Fuel Cells Operating Directly on Ethanol
(Phys.org) — Researchers at the Center for Energy Research at UC San Diego recently demonstrated the best performance for solid oxide fuel cells (SOFCs) operating directly on ethanol without external reformation. The work was performed by Dr. Nguyen Minh of the Center for Energy Research, postdoctoral scholar Dr. Eric Armstrong (now with Intel) and UC San Diego undergraduate student intern Jae-Woo Park.
A peak power density of more than 400 mW/cm2 was achieved at 800°C with air and a fuel containing 7.3 volume percent ethanol. This power density is about four times higher than any other SOFC reported in the literature operating directly on ethanol at 20 volume percent or lower at the same temperature
The SOFC is an all-solid-state fuel cell consisting of an ionic conducting oxide electrolyte sandwiched between two electrodes, the cathode or oxygen electrode where oxygen (from air) is reduced and the anode or fuel electrode where hydrogen (from the fuel) is oxidized.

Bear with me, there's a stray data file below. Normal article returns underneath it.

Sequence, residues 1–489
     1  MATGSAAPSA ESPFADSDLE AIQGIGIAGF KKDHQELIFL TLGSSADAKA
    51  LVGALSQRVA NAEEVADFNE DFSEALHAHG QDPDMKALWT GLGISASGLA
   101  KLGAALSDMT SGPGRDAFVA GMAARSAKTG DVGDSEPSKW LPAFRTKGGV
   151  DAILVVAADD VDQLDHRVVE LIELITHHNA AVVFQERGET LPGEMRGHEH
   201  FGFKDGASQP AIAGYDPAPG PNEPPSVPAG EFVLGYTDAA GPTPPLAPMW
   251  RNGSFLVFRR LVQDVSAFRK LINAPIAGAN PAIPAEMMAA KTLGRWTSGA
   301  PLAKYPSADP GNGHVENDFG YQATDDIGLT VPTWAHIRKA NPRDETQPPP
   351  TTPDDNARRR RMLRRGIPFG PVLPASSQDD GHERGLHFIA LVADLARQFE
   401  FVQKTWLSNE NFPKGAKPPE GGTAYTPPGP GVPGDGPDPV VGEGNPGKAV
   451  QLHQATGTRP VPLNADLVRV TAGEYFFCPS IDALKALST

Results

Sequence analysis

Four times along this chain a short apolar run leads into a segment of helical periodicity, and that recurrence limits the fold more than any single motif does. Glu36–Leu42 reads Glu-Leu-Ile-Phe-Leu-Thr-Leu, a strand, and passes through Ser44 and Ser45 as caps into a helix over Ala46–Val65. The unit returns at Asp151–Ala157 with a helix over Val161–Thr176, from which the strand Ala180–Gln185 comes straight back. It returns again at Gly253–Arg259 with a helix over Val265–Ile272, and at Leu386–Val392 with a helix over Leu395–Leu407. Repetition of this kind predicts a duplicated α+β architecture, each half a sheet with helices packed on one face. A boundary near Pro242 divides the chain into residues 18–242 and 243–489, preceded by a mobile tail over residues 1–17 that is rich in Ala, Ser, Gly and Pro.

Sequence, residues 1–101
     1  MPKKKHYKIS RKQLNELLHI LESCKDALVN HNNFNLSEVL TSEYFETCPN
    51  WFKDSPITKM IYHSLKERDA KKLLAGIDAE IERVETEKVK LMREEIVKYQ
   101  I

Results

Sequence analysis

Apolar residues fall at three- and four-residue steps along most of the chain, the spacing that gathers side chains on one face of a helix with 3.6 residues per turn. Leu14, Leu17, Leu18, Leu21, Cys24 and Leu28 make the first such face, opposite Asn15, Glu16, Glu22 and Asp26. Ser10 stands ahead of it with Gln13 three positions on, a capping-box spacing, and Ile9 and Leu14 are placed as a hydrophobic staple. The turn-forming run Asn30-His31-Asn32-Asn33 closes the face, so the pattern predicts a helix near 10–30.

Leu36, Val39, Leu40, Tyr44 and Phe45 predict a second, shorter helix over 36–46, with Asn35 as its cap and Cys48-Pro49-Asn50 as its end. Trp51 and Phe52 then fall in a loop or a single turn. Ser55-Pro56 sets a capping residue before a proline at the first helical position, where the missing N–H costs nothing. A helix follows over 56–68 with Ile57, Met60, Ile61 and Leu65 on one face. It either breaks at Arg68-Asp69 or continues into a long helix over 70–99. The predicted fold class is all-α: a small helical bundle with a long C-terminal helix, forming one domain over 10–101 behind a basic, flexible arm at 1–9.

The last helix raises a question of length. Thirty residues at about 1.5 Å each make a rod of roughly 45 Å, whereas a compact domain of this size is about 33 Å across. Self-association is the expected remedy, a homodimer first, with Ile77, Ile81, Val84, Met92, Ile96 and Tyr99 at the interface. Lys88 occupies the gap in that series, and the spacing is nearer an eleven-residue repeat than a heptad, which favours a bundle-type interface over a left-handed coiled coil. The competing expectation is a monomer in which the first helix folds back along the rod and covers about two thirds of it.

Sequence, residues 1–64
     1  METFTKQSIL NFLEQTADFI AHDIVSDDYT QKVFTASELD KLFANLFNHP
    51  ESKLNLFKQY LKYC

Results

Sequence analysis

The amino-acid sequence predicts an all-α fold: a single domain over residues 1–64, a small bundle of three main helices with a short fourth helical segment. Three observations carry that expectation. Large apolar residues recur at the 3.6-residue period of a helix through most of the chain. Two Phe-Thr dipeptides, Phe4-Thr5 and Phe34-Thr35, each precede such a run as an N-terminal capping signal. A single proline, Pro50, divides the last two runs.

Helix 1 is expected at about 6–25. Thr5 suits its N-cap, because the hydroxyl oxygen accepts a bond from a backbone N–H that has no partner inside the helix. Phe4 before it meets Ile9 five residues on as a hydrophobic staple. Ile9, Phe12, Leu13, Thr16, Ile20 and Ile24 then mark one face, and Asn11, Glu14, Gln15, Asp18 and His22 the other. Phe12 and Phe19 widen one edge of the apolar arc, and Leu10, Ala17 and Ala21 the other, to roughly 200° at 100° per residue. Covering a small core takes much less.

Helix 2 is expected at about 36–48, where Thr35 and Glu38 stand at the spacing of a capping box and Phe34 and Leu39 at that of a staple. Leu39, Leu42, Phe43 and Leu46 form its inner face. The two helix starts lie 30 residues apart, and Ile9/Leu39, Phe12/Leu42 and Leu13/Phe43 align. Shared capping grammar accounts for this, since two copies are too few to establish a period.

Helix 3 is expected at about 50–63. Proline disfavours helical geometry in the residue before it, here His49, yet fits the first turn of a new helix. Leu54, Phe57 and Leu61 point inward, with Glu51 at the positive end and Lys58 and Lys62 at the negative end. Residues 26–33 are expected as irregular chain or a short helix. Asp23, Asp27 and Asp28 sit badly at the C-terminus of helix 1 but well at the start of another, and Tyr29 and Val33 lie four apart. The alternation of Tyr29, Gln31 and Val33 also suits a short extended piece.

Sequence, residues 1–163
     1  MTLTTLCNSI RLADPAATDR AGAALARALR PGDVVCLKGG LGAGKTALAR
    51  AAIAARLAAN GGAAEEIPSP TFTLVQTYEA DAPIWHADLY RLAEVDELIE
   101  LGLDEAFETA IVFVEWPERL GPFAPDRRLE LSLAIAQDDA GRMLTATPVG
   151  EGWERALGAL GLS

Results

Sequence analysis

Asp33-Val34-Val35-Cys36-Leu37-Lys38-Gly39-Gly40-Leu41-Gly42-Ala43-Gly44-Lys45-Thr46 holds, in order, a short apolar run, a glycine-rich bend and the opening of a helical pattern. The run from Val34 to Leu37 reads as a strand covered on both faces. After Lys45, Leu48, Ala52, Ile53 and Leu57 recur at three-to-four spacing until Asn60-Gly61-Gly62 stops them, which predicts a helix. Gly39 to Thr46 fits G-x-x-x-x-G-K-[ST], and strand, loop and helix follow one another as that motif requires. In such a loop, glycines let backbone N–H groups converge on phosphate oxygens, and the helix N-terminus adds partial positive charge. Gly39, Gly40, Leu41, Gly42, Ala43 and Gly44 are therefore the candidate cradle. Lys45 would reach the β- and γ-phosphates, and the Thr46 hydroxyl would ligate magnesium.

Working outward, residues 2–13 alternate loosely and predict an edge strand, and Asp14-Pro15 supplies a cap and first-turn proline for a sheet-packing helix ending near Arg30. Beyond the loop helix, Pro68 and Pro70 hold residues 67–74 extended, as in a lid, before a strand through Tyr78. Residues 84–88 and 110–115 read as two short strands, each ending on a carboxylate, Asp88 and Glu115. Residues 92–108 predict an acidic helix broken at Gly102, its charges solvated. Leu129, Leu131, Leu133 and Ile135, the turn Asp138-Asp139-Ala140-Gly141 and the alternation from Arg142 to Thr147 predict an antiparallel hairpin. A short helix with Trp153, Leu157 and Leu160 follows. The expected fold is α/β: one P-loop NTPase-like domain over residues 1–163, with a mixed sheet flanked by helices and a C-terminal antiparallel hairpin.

This type of fuel cell operates in the temperature range of 600°-1000°C. At present, the most common SOFC materials are yttria stabilized zirconia (YSZ) (an oxygen ion conductor) for the electrolyte, strontium-doped lanthanum manganite perovskite oxide (LSM) for the cathode and nickel/YSZ composite for the anode. The attractive feature of the SOFC is its clean and efficient generation of electricity from a variety of fuels. Suitable fuels for the SOFC include hydrogen, natural gas, biogas, propane, gasoline, diesel, coal gas, and other practical fuels. The SOFC has been considered and developed for a broad spectrum of power generation applications, ranging from watt-size portable devices to multi-megawatt baseload power plants. READ MORE and MORE (University of California San Diego)